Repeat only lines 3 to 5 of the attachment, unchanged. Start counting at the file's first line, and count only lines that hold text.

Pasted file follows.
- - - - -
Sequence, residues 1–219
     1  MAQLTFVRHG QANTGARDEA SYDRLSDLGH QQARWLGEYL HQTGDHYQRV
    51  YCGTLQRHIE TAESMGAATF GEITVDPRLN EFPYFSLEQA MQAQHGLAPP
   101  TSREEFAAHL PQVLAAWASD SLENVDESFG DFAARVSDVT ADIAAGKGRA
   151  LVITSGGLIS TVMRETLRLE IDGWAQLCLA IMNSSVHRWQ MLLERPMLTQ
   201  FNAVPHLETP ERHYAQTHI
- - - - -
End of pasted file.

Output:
    51  YCGTLQRHIE TAESMGAATF GEITVDPRLN EFPYFSLEQA MQAQHGLAPP
   101  TSREEFAAHL PQVLAAWASD SLENVDESFG DFAARVSDVT ADIAAGKGRA
   151  LVITSGGLIS TVMRETLRLE IDGWAQLCLA IMNSSVHRWQ MLLERPMLTQ